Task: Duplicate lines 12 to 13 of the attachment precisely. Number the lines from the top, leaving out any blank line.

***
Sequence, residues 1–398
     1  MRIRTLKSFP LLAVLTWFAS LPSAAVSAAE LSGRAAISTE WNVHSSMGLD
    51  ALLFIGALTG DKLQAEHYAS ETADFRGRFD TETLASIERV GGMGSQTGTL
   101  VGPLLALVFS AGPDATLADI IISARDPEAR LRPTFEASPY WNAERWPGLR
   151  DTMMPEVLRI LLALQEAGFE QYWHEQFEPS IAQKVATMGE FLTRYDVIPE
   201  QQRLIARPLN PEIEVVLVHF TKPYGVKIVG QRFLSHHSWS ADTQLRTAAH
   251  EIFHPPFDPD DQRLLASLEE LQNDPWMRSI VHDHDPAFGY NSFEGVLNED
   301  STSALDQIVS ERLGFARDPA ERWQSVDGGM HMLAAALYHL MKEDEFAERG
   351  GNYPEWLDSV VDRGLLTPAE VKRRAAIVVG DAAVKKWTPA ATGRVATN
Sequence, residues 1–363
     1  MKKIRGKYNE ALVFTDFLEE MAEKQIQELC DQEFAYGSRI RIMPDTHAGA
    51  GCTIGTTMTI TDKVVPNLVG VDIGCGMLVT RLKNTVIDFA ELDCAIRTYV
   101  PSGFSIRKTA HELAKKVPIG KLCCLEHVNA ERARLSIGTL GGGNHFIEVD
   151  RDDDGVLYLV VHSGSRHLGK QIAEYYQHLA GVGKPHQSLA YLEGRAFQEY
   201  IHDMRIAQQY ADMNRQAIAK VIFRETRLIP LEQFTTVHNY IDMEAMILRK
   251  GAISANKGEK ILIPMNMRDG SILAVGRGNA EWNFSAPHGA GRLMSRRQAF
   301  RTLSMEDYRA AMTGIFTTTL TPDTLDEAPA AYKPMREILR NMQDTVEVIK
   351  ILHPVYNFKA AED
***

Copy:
    51  GCTIGTTMTI TDKVVPNLVG VDIGCGMLVT RLKNTVIDFA ELDCAIRTYV
   101  PSGFSIRKTA HELAKKVPIG KLCCLEHVNA ERARLSIGTL GGGNHFIEVD